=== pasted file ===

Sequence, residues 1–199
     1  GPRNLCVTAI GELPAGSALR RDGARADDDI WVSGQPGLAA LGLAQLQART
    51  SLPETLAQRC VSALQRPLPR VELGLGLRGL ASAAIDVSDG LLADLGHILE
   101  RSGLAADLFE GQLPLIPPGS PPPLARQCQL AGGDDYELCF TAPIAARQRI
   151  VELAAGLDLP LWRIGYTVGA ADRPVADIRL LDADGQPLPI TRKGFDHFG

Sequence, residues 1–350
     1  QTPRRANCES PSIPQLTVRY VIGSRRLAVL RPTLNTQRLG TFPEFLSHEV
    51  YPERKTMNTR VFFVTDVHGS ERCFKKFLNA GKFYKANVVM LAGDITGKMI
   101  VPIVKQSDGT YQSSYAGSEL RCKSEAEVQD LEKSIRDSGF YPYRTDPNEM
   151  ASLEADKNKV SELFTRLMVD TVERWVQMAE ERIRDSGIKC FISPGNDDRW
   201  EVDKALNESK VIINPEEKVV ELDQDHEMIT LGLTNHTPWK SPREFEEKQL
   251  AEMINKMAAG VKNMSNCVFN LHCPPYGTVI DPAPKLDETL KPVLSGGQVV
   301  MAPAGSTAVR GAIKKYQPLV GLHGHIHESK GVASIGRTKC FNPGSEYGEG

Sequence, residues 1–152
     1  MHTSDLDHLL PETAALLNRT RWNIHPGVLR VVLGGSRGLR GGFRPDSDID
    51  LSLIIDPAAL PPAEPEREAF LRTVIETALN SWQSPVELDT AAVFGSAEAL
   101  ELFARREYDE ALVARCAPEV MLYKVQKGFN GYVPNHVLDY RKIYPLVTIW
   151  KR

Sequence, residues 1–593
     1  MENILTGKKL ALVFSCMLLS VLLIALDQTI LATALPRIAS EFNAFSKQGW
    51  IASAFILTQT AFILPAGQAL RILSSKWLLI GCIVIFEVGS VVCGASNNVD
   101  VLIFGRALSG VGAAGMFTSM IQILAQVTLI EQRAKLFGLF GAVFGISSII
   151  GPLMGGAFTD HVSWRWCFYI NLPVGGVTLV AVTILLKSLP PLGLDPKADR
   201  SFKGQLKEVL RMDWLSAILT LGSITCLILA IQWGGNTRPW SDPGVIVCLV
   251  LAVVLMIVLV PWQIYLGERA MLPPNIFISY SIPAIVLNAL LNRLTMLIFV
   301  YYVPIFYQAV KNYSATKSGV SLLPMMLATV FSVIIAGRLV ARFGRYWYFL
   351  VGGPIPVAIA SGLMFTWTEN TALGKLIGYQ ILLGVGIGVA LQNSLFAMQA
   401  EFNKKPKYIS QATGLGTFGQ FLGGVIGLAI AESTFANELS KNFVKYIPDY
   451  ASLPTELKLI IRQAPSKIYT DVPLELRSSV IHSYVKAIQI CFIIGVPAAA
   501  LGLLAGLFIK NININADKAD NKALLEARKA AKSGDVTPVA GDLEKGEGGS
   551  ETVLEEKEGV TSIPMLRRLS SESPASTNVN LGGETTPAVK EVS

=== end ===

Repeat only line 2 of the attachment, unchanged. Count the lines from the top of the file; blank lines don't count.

     1  GPRNLCVTAI GELPAGSALR RDGARADDDI WVSGQPGLAA LGLAQLQART